"When someone breaks into your house everything changes. Whether or not you were there you could never feel more violated and insecure," Lisa Harris* told Outlook recently after being asked to talk about her ordeal.
"I had come home from work and I could see that the lights were on. I did not expect my parents to be home and my father's vehicle was not there, so I called my mother and she said she was not inside. In that moment, I was not sure what to feel. Anxiety and fear were only two of the emotions that came flooding in. My brother who was dropping me off decided to scan the house before he left. I entered as my dog seemed to be tired and not his normal, active self. As I approached my parents room, I noticed everything was ransacked. The drawers were pulled out, the mattress was moved. Clothes were on the floor. When I entered my room, I was equally horrified. Seeing everything overturned had my stomach turning. Then I saw my underwear all over the floor, I just felt like picking them up and burning all of them. There was nothing more invasive. I must admit I was in too much of a shock to even cry, say, or do much. I do not believe in my entire life I have felt anymore discomfort as I did in that moment. It changed everything that I felt about my living situation. That night, we got someone to fix the grille that they cut through, not that it helped us to feel safer, but I guess it had to be done, then shortly after, the windows were also grilled on the inside. So, while we were not criminals, we have become prisoners in our own home," shared Vanessa Harris.
Psychotherapist Alina Apostol noted that break-ins attract post-traumatic stress reaction, which differs in individuals. What she believes is important is that people accept that it is normal to feel these feelings and take time to go through the process.
"It is normal to experience a mixture of feelings and they will be more intense in the days after the break-in lasting up to the three weeks after," said Apostal. "Something inside you will be broken, so take care of your internal wound as you would physical pain."
She listed a few of the feelings that one would feel after the break-in, these include, fright, which leads to fear of recurrence, helplessness, anger, guilt, sadness, shame or embarrassment, and hope.
"I was frightened for awhile. I think it took a month before I could like sleep through the night. I never wanted to be home alone - day or night. I always found somewhere else to go. In the night, if the fan happened to blow a book or a plastic bag, I left somewhere in the room, I would go in a panic, jump up and turn the light on," noted Harris.
Fear was not all she felt, "I was so angry that I could not feel safe at home. There was a time when I felt like I lived in a relatively safe area, if I came home at 2 a.m. I would be fine, but not after they broke into my house in broad daylight. I hated that someone had the power to instill that much fear in me," said Harris.
Harris suffered from what Apostol described as the hardest thing for some of the victims to overcome, the will to accept that bad things can happen to us. Not in a million years did Harris believe that this would have happened to her and her family, and it did. However, it brings us back to reality and allows us to remember to live small.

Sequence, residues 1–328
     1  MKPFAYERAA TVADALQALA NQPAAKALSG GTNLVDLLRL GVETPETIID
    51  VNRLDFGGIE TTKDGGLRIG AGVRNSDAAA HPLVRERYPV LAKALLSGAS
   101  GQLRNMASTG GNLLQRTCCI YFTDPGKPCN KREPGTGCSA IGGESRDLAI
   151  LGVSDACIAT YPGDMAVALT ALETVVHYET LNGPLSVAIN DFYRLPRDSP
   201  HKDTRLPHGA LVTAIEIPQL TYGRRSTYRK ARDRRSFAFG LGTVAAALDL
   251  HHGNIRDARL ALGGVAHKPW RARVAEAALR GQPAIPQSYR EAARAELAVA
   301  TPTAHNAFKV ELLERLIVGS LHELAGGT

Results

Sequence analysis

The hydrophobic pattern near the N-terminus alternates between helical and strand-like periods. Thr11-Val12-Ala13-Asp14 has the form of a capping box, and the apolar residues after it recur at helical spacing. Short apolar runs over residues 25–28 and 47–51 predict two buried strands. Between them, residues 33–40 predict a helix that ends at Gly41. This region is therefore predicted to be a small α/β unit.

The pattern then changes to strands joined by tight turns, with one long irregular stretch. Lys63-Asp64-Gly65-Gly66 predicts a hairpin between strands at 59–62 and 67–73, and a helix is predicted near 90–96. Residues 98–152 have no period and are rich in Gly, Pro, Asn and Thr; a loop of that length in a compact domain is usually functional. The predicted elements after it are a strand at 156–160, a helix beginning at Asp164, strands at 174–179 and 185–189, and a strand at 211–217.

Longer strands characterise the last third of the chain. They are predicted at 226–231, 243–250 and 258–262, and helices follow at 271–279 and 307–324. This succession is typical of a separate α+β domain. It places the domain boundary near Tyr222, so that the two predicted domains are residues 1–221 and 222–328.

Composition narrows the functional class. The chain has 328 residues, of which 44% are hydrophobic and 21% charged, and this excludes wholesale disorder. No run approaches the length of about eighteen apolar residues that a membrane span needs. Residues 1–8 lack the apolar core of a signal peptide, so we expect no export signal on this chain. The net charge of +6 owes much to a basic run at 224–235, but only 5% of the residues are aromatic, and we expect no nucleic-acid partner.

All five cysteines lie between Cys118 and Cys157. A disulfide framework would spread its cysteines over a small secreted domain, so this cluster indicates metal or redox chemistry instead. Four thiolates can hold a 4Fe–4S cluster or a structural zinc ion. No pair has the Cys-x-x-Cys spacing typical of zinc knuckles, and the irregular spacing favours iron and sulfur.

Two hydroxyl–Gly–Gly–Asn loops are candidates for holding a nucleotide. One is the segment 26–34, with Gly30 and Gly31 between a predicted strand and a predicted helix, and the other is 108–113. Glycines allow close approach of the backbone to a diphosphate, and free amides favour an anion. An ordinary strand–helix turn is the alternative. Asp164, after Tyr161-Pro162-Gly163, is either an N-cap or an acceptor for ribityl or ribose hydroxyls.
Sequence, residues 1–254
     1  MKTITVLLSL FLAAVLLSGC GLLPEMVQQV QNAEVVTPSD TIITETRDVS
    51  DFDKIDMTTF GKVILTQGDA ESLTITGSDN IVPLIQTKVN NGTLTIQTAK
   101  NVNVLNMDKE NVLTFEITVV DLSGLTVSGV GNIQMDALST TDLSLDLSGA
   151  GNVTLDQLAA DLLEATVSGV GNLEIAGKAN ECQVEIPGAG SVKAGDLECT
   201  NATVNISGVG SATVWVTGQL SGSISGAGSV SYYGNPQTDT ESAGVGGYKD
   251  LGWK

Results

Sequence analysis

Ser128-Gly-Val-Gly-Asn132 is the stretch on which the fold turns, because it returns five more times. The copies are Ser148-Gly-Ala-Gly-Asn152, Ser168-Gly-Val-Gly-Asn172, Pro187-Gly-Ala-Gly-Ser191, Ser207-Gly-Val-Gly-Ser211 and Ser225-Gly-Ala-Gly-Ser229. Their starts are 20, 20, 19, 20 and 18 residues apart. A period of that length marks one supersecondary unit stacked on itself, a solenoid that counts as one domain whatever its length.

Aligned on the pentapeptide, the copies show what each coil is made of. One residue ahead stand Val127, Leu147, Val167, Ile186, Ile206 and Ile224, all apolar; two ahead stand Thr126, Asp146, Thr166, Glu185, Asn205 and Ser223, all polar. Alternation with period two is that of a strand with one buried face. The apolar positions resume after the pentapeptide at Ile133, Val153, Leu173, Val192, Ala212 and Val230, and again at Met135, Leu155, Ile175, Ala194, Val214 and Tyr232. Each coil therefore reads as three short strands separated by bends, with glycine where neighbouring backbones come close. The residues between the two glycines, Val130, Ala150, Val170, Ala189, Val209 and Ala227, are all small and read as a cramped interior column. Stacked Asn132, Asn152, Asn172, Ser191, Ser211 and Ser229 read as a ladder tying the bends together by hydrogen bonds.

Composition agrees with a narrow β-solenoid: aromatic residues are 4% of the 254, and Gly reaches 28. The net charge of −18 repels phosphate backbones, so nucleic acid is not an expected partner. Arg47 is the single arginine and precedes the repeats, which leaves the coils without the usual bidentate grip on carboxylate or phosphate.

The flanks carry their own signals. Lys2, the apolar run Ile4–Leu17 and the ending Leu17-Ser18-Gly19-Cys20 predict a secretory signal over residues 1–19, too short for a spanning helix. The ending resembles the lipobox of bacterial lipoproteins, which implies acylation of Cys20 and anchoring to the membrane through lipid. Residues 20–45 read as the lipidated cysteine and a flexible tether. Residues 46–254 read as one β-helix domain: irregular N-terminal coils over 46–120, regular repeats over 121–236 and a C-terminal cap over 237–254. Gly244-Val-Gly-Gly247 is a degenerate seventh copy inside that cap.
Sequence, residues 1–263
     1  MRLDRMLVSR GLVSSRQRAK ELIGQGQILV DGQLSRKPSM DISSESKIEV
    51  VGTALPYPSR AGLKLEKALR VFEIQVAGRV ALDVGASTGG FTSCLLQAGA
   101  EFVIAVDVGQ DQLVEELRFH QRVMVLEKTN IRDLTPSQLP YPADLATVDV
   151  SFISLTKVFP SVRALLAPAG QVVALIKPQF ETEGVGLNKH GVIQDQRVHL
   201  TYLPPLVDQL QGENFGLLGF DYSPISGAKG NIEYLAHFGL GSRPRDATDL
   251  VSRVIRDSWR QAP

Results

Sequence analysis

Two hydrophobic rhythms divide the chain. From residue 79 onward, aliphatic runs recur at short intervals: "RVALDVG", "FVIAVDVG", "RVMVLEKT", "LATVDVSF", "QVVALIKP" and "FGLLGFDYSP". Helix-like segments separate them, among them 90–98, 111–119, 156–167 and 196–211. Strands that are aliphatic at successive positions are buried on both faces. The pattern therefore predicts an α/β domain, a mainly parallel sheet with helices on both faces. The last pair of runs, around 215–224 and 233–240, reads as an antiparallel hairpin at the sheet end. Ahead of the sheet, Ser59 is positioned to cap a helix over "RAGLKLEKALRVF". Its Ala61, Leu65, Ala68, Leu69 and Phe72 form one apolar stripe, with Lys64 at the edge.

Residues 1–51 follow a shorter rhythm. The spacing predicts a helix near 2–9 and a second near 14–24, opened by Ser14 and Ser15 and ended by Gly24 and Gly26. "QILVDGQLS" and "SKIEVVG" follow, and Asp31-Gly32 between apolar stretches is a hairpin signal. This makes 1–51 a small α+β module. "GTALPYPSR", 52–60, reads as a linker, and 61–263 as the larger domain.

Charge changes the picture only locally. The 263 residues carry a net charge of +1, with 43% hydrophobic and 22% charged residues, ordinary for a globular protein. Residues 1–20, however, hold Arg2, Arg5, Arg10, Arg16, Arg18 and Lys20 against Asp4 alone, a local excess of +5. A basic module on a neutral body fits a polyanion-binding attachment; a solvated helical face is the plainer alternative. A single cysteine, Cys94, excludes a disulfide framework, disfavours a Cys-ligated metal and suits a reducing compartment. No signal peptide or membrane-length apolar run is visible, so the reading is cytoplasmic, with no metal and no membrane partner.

It took some time for Harris to feel normal in her home and she admitted that three years later, there are a few things that still bother her.
"I do feel much safer. I have no problem going home by myself or being at home in the day. Once I am getting a ride, I do not even mind coming in late. So I guess that most of the fear is gone, it is just the little reminders like the windows that might bring back a bit of fear, or more so, annoyance because of the prison feeling. I must admit I do not like to be alone after hours, but I do sleep quite fine," said Harris.
It takes time to get to this place, noted Apostol, and sometimes psychotherapy is necessary to overcome these fears. However, one thing that people can do is to rearrange the furniture where possible.
"Many people will reject that house and move away if they can afford to. A wrong thing in my opinion, because they are trying to run away from something which is felt inside them, so the anxiety and fear will be present in a new house, hotel or any new place they might move to," said Apostol.
What she recommends is that persons continue with their personal rituals that make them feel good about their home. If you can afford to, you can do a remake, and if not, make some fun DIY (Do it Yourself) changes that you will give a new look, but will be cost effective.
However, what is evident is that time heals all wounds. If the person witnessed the ordeal, it can cause much more emotional damage. In these cases, therapy is more than likely necessary to help this process of recovery.
"The proximity of the danger makes this moment harder to digest and it requires psychotherapy to manage. Some of us may forget right away the exact order of events (the brain protects himself by erasing the memories), but the body will always remember the trauma, hence the panic attacks with no reason that might accompany the person for the rest of their life," noted Apostol.
While this is a tough ordeal to overcome we all have the power to move on from it. We just have to believe we can and if not able to do it on our own seek help.
What to do after a break in
Call or visit the police and file a report.
Call the insurance company.
Make video footage and take pictures.
Clean up all signs of the break-in.
Come to terms with the break-in emotionally.
Take measures to better safeguard your home.